This storytelling business is awfully fraught. It turns out that the wrong story can kill people and ruin a land for generations. I was raised in Alabama where I was taught that racism was basically a thing of the past that didn’t warrant speaking about. I remember in 5th grade kids standing around talking about how the Civil War wasn’t really about slavery. That’s because of the carefully-built mythology of Southern heritage that conveniently elides the question of race and treats slavery as an unfortunate by-product of an otherwise noble culture.
JGB: What would you have the City of Philadelphia do with the removed Rizzo statue and the history lessons it embodied?
IES: Not all art survives, and that’s fine. My tendency is to find a way to make everyone happy, but I think in the case of these racist monuments, they have to go. Even if you contextualize them, they remain monumental. They are inherently impressive. I don’t know how you can recontextualize them without retaining some piece of their toxic influence.
Rizzo seems like a footnote of history. If there’s any lesson he could teach us, it would be that the South was not, and is not, the only area of the country beset by racism. But a positive monument could teach the same lesson, maybe to the victims of racism or heroes of abolition.
Emanuel Kelly, a practicing architect in Philadelphia for 40 years, has worked on the Independence Mall site reinterpreting the foundation remains of the President’s House. George Washington lived in the executive mansion from 1790 to 1797 when Philadelphia was the nation’s capital.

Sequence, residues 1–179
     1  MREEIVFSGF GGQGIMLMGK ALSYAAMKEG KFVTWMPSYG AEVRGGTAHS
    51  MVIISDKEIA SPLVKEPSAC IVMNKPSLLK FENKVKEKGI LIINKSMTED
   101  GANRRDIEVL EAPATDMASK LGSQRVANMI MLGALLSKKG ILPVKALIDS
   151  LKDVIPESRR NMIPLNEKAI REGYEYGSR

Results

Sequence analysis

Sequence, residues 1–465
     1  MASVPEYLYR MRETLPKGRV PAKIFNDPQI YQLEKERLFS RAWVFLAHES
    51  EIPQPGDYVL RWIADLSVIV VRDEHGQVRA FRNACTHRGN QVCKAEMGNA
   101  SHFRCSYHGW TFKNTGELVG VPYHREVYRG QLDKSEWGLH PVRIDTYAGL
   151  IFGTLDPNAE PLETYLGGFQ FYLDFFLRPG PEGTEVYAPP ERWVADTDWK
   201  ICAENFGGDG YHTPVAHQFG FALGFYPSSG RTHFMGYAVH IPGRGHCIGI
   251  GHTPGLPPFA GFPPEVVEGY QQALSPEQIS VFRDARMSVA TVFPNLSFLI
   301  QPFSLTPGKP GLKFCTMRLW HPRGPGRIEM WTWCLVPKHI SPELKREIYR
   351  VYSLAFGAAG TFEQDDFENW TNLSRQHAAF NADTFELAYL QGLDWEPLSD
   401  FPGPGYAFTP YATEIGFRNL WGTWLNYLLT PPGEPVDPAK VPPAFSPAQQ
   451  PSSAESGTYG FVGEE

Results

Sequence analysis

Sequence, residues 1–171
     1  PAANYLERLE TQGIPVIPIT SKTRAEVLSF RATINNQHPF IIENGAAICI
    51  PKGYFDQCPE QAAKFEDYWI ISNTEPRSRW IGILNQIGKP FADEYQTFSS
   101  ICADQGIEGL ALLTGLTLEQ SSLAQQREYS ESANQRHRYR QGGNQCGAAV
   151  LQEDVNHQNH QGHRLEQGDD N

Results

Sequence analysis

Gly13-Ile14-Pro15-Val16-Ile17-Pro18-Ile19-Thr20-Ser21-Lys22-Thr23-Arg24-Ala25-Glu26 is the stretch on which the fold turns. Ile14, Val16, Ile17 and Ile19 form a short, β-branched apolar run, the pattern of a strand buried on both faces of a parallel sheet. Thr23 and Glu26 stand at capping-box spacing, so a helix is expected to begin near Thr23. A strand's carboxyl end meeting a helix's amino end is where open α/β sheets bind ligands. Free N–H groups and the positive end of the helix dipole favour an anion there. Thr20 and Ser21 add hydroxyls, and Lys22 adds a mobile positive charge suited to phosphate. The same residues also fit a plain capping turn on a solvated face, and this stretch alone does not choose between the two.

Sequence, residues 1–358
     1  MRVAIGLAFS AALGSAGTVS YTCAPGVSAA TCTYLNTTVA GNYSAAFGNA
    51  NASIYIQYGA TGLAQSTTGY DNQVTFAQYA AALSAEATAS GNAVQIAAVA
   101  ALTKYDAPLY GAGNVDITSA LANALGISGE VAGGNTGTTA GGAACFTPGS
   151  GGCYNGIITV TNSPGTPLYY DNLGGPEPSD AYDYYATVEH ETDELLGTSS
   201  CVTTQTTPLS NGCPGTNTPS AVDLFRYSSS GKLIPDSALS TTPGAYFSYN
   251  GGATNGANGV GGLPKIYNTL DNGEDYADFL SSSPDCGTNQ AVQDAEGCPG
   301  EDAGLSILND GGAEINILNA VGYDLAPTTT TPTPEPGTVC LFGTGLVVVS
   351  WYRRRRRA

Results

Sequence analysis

Emanuel Kelly: History is always in a process of being reinterpreted by society, both collectively and individually. There has to be a conversation. There’s so much rage now. One things spills into another.
In regard to Confederate monuments, they should all come down because they took up arms against the nation. It was traitorous. The Founding Fathers all had slaves except for Adams. Yet, we wouldn’t be a nation without those who made the compromises they had to. A solution is to state, succinctly in a plaque, the tragedy of the other side.
With the President’s House we had an advisory committee of 19 individuals who had never worked together before. They all wanted different things. Community leaders, advocates, historians. The funding stated that the memorial must be about the house and those who lived in it and the nine slaves that Washington owned. There was over a year of listening, presenting, listening, presenting, before coming to a conclusion and an agreement. The names of those slaves are now on the wall.
The Rizzo statue? I was glad it came down. It was accosted immediately. Young people are now reinterpreting the city. All that heat and energy is still there.
The Columbus statue in Marconi Park? The Italian Americans finally had a hero. There are mixed characters in the discussion of memorializing historical figures. Leave the monument up, but change the narrative.
Tragedy is part of history. We put that out there so future generations can learn about it.